By Michelle Graff

New York--A court-appointed examiner is expected to take a closer look at Nirav Modi’s ties to the U.S. companies he owns that are now in bankruptcy.

William K. Harrington, the U.S. trustee overseeing the bankruptcy case of A. Jaffe Inc., Firestar Diamond Inc. and Fantasy Inc., filed a memorandum requesting the appointment of an examiner to “provide … transparency and clarity as to the role, if any, Modi plays or has played with respect to these Chapter 11 cases,” court papers state. 

Specifically, the independent party would investigate the relationship between the companies and any entity under the direct or indirect control of Modi to determine: whether and to what extent Modi or any of his entities have the ability to direct or influence the conduct, decisions or actions of  A. Jaffe, Firestar and Fantasy in the Chapter 11 case; whether any current company executives “actively and knowingly participated in fraud or dishonesty;” and whether any claims or causes of actions in favor of the debtors might arise from any alleged fraud, court papers state.

A. Jaffe and Firestar Diamond/Fantasy filed for Chapter 11 bankruptcy protection in February in order to distance themselves from Modi and reorganize their businesses given that their main source of supply, Modi’s factories in India, has been cut off.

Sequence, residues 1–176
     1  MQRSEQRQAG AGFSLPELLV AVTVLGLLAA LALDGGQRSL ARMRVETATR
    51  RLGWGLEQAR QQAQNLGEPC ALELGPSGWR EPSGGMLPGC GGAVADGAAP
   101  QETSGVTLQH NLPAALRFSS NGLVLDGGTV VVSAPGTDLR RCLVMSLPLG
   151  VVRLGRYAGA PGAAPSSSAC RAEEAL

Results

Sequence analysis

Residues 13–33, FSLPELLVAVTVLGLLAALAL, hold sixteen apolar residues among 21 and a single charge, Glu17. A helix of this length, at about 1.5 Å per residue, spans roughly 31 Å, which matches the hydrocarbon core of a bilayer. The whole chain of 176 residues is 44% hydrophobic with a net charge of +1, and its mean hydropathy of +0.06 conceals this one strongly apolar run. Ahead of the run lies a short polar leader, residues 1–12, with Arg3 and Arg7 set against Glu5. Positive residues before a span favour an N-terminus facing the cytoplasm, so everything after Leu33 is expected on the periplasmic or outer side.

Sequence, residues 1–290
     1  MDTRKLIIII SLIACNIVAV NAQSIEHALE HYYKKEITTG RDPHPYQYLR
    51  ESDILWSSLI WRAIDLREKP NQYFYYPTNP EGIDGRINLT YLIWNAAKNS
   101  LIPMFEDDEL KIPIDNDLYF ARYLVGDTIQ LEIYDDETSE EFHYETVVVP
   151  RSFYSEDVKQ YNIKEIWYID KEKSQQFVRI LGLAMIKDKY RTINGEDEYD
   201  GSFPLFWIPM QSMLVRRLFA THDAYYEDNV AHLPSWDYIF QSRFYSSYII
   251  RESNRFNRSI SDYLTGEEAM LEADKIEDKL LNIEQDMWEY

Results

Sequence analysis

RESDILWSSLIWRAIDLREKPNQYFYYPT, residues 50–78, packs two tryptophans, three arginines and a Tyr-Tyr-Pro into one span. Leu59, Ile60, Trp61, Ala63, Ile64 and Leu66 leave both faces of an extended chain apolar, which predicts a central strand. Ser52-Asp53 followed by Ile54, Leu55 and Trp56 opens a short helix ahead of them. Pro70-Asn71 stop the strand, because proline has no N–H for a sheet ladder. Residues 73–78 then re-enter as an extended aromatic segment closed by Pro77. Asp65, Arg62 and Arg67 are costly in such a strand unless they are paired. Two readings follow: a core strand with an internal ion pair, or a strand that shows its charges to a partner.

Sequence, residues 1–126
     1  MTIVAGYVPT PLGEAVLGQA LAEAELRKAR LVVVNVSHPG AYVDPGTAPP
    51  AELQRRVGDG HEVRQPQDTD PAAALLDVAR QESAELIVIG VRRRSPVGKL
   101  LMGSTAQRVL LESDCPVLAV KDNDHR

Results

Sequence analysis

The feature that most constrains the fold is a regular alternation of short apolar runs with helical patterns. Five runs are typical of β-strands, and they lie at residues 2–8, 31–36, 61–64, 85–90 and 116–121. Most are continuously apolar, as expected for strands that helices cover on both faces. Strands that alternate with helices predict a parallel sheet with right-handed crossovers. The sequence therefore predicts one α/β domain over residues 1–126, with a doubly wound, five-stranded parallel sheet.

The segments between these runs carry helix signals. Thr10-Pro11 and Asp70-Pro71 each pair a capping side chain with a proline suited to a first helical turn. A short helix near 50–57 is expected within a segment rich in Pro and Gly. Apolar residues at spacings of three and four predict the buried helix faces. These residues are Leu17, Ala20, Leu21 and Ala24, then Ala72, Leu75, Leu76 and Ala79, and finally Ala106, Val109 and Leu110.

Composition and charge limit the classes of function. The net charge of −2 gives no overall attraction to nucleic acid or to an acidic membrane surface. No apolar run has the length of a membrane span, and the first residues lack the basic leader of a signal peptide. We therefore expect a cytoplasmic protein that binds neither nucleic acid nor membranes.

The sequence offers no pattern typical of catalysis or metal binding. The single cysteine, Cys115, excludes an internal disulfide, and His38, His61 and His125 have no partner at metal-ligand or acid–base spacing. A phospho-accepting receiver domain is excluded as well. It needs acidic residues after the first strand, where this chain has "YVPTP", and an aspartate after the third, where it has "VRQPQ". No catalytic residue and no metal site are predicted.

In the filing, the companies denied any involvement in Modi’s fraud in India, stating that they were working “tirelessly” to “reassure their vendors and customers that they had no involvement in the alleged wrongful conduct.”
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Modi is the Indian diamantaire who is accused of cheating the state-owned Punjab National Bank out of nearly $2 billion, an allegation he has denied.

Modi left India shortly before news of his alleged fraud broke in January and Indian officials have been on the hunt for him since. This week, the Times of India reported that the billionaire is believed to be hiding in Hong Kong but authorities there have not given India’s Ministry of External Affairs any information about his exact whereabouts.

Harrington filed the request for appointment of an examiner on March 30.

Ian Winters, the attorney representing A. Jaffe, Firestar and Fantasy, said Wednesday that his clients have no objection to the appointment.

The judge is expected to enter the order for appointment Thursday. After that, the trustee will interview candidates and select an individual for the position. 

Winters said he does not expect the involvement of the examiner to impact the sale or the timing of the sale.

The current timeline for the sale or sales of A. Jaffe and Firestar Diamond/Fantasy Inc. calls for it to close by mid-May.

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